This panel investigates the impact of the participatory paradigm on museum policy and practice by tracking changes in (the discourse on) processes of musealisation.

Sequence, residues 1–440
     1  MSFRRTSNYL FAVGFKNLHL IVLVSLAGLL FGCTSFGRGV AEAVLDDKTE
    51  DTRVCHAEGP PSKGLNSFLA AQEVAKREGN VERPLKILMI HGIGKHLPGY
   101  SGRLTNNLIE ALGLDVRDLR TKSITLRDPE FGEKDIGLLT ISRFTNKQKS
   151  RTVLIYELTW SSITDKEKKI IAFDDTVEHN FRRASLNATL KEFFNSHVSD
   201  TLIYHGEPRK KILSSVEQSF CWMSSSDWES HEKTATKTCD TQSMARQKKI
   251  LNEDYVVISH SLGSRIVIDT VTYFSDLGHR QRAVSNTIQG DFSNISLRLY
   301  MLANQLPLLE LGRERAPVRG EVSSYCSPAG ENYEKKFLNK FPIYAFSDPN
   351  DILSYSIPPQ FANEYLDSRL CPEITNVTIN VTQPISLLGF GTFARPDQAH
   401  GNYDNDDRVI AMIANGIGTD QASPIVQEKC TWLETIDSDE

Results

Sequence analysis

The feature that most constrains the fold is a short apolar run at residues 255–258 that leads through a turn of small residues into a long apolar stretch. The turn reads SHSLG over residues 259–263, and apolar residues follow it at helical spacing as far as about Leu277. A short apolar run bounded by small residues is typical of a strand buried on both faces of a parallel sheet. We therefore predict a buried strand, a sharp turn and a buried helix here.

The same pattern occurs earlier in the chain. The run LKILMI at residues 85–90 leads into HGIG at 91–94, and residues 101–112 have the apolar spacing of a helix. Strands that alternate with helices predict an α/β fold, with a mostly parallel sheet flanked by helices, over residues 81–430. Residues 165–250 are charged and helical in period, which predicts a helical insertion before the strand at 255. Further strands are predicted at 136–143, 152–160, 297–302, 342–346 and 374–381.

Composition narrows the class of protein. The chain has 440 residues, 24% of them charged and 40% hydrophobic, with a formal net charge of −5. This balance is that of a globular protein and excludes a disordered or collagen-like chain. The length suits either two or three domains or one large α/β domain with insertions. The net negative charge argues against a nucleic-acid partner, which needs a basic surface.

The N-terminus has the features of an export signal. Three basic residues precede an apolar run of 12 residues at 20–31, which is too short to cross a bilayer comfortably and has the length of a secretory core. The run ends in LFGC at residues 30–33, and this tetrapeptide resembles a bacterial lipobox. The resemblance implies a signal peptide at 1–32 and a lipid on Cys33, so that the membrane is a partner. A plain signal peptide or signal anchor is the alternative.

This panel investigates the impact of the participatory paradigm on museum policy and practice by tracking changes in (the discourse on) processes of musealisation. All over Europe, as elsewhere, museums and heritage professionals have been trying to work according to what they consider as the 'participatory approach'. Transforming societies have lead to new tasks and responsibilities for museums and museum workers. Participatory methods have been considered an appropriate response to the challenges museums have been facing in a transforming world. Special community projects were initiated and events for the neighbours were organized. Sometimes visitors were asked to collaborate in the making of an exhibition, in other cases community members were asked to hand in (or hand over) objects for the collection. Other kinds of participative initiatives can also be found. What they share, is the idea that this approach increases the relevance of museums for the society: the museum should be an inclusive, democratic platform, accessible to everybody. How has this idea been articulated and what does it mean, in practice? We welcome papers that focus on museum management, collecting practices, audience orientation or community work. We are interested in your methodological reflections - how did you, as a researcher, track the actual impact of the participatory paradigm - and in your own vision on the phenomenon as such: how do you position yourself in the participatory paradigm?